Below are some of our most recent entries posted in the Books & Guides category - use the links at the end of the page to access all the articles individually.
We are going to be running a series of excerpts from "Italian Hours" by Henry James. Below is the second installment.
THE AUTUMN IN FLORENCE
There is something to be said moreover for your liking a city (once it's a question of your actively circulating) to pretend to comfort you more by its extent than by its limits; in addition to which Florence was anciently, was in her palmy days peculiarly, a daughter of change and movement and variety, of shifting moods, policies and régimes--just as the Florentine character, as we have it to-day, is a character that takes all things easily for having seen so many come and go. It saw the national capital, a few years since, arrive and sit down by the Arno, and took no further thought than sufficed for the day; then it saw, the odd visitor depart and whistled her cheerfully on her way to Rome. The new boulevards of the Sindaco Peruzzi come, it may be said, but they don't go; which, after all, it isn't from the æsthetic point of view strictly necessary they should. A part of the essential amiability of Florence, of her genius for making you take to your favour on easy terms everything that in any way belongs to her, is that she has already flung an element of her grace over all their undried mortar and plaster. Such modern arrangements as the Piazza d' Azeglio and the viale or Avenue of the Princess Margaret please not a little, I think--for what they are!--and do so even in a degree, by some fine local privilege just because they are Florentine. The afternoon lights rest on them as if to thank them for not being worse, and their vistas. are liberal where they look toward the hills. They carry you close to these admirable elevations, which hang over Florence on all sides, and if in the foreground your sense is a trifle perplexed by the white pavements dotted here and there with a policeman or a nursemaid, you have only to reach beyond and see Fiesole turn to violet, on its ample eminence, from the effect of the opposite sunset.Continue reading Autumn in Florence, Part II.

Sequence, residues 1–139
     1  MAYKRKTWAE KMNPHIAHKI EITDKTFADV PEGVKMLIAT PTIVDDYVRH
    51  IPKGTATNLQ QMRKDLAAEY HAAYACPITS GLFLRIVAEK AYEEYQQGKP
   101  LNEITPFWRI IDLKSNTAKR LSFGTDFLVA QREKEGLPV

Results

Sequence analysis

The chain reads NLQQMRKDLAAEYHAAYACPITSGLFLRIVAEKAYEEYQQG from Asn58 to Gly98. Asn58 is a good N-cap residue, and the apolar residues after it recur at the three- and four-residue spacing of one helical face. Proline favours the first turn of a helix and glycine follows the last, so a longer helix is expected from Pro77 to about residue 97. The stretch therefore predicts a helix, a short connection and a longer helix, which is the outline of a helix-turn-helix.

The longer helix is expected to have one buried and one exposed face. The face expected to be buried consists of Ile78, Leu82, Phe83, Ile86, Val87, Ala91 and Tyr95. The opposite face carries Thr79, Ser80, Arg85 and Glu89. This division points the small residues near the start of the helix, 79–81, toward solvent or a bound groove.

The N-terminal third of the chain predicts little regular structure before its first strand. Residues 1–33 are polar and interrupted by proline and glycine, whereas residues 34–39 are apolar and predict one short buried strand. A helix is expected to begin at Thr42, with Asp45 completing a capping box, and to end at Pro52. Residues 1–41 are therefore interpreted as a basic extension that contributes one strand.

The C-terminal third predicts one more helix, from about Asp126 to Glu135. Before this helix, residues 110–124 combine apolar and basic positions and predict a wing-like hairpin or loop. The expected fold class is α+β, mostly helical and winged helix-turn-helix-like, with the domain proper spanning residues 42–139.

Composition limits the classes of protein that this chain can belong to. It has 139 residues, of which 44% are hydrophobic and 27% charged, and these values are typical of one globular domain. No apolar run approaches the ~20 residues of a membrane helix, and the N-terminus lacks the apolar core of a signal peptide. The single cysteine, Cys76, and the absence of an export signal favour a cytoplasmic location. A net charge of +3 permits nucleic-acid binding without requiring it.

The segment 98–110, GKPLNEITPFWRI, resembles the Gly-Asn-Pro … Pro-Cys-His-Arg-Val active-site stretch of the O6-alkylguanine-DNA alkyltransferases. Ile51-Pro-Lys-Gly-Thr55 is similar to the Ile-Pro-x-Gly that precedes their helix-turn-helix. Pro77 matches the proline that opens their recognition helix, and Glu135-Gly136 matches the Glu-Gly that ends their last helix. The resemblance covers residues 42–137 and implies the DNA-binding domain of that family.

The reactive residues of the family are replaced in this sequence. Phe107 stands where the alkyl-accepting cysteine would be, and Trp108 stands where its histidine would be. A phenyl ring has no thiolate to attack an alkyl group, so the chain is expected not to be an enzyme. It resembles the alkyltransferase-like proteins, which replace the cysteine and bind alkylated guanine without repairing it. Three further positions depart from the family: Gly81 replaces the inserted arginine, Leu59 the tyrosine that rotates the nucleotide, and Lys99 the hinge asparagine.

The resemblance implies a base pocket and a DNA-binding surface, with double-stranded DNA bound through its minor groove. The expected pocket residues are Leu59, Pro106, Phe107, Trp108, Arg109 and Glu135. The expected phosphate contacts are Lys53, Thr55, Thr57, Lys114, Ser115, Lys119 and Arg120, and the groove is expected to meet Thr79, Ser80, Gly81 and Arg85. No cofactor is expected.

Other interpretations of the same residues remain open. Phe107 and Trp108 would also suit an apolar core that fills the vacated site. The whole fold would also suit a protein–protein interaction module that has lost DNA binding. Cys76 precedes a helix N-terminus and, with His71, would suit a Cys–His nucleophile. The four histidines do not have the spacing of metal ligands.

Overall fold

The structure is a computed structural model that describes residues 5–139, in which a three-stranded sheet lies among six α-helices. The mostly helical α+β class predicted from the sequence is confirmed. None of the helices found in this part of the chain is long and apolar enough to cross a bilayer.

We are going to be running a series of excerpts from "Italian Hours" by Henry James. Below is the first installment.
THE AUTUMN IN FLORENCE